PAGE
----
Illustration of mountains snow house grass and trees by Bonnie Burns

Felin(e) Random

Art by Bonnie Burns

It would be rather useful to know in advance whether I end up blissfully soaked on my daily bike ride home. The weather forecast provides me with some insight, though more often than not, I still get drenched anyways. So why can’t we predict the weather reliably days, weeks or even months in advance?

The answer ties into a fundamental question of our surroundings – what is deterministic, and what is truly random?

A good start would be an underlying definition of randomness – an occurrence is ‘random’ if individual outcomes are entirely unpredictable, yet multiple occurrences may be ‘governed’ by a probability distribution.

Coin flipping (assuming the coin lands flat) is a great example of deterministic behaviour.  In principle, if all the initial conditions of the coin are precisely known – i.e. starting position, mass, the force exerted by the thumb, then the outcome can be determined with certainty. Yet, in practice, the aspect of ‘chance’ is merely due to a lack of measurement of the coin – an imprecise model. 

Similar reasoning applies to card games like poker – gambling relies entirely on the fact that players are ignorant of precisely how the cards have been shuffled. Awareness would enable players to consistently correctly predict the hands of other players.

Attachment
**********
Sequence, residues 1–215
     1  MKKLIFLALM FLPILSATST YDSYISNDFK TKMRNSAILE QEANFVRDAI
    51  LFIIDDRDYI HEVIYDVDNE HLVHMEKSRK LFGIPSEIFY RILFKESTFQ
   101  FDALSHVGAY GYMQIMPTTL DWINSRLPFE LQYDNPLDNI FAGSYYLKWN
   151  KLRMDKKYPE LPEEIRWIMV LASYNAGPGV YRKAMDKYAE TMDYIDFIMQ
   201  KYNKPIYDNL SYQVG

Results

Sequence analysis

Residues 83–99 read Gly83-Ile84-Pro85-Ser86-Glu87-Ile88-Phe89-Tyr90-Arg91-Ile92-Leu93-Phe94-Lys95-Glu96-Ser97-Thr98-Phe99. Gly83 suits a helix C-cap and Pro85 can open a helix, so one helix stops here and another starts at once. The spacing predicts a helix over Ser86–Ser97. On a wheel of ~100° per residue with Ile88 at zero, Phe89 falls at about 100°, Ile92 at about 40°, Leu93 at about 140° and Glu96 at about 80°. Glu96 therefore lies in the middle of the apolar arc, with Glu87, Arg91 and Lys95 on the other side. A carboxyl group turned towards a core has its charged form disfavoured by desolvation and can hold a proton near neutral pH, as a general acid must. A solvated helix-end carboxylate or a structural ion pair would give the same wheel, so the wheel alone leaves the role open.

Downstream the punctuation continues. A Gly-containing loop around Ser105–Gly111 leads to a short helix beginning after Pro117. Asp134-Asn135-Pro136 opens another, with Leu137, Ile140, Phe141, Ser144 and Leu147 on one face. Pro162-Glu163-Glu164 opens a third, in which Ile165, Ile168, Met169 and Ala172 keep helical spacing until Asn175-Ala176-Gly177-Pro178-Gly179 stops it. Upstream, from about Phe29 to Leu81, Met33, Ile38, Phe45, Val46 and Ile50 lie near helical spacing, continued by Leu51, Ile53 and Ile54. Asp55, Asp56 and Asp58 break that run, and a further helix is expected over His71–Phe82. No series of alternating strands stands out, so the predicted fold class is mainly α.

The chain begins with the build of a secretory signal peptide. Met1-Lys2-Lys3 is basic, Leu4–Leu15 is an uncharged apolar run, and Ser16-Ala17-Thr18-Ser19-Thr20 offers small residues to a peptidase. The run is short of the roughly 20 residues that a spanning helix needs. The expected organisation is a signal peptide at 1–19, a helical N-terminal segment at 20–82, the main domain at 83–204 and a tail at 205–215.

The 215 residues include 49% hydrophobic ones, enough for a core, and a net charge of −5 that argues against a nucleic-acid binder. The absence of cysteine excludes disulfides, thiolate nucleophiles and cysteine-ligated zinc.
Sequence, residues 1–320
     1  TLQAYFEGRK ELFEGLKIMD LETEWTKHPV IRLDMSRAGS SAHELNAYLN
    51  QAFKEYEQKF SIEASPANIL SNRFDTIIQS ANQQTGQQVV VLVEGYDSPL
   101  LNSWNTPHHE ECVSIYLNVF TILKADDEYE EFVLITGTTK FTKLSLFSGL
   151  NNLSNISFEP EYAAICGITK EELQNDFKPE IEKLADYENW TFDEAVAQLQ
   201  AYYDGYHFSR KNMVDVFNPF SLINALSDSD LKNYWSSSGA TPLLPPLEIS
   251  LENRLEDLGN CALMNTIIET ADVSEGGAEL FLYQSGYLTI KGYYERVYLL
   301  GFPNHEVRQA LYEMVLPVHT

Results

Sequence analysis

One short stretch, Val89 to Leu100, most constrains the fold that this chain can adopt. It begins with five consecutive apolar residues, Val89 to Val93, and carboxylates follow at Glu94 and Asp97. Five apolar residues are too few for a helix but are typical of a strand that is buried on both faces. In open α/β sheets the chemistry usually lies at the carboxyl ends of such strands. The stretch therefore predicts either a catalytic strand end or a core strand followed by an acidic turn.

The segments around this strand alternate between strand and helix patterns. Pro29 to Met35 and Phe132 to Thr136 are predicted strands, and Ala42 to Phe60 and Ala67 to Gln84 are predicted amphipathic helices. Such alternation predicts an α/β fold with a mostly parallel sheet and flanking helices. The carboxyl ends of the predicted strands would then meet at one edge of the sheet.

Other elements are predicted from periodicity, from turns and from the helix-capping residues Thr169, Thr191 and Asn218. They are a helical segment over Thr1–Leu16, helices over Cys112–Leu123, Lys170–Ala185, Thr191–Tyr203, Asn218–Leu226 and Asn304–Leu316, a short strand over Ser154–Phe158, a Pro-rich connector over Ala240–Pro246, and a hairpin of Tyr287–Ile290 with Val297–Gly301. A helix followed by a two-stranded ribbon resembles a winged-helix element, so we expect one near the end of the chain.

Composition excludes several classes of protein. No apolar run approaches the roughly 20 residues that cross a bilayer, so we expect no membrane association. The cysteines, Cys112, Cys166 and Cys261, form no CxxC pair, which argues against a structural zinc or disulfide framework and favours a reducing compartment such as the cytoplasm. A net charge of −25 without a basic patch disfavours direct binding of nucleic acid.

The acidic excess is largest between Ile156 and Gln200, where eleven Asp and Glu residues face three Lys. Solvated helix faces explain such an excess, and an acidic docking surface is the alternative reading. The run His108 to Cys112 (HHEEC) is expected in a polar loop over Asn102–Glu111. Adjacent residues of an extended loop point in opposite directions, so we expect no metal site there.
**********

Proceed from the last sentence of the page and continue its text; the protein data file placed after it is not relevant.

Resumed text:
Systems like these are all deterministic – meaning the future behaviour of the system with respect to time evolution is unique, and completely pre-determined by the previous behaviour of the system – and by proxy, the initial conditions of the system. 

Yet, deterministic systems are not all completely predictable. The double pendulum is arguably the best example of this phenomenon*, though weather forecasts may be more relatable.  Multiple simulations of the Earth’s weather yield dramatically different results if initial conditions are varied ever so slightly – a difference of 0.001 in an initial condition such as temperature may result in completely different weather scenarios months in the future. An extreme interpretation is that a single flap of a butterfly’s wings may be enough to permanently alter the weather forever!  

Our solar system is another example. If we wish to predict the locations of the planets hundreds of thousands of years in the future, different predictions based on the current location of the Earth and the location a minute from now could produce results that are millions of kilometres apart!

Systems that are extremely sensitive to initial conditions are called chaotic. They are completely deterministic, yet if we wish to obtain a specific outcome, the accuracy of the initial conditions are irrelevant – close approximations to an initial condition produce drastically different outcomes, and only an ‘exact’ initial condition produces the desired outcome.  Compare this to a coin, where varying the initial heights by a tiny amount is unlikely to cause any difference in the final side up.

If slight deviations produce dramatically different outcomes, then there is no way to predict the behaviour of chaotic systems over long time periods!  As in practice, no initial condition – measurements, timing etc, can be perfectly accurate. In other words, the unpredictable nature of chaotic systems is grounded in the inherent uncertainty of the initial conditions.  

So, coin flips are both deterministic and predictable. Chaotic systems are deterministic yet unpredictable. Are there truly any inherently ‘random’ occurrences in nature? Perhaps, but we must first turn to the world of quantum mechanics.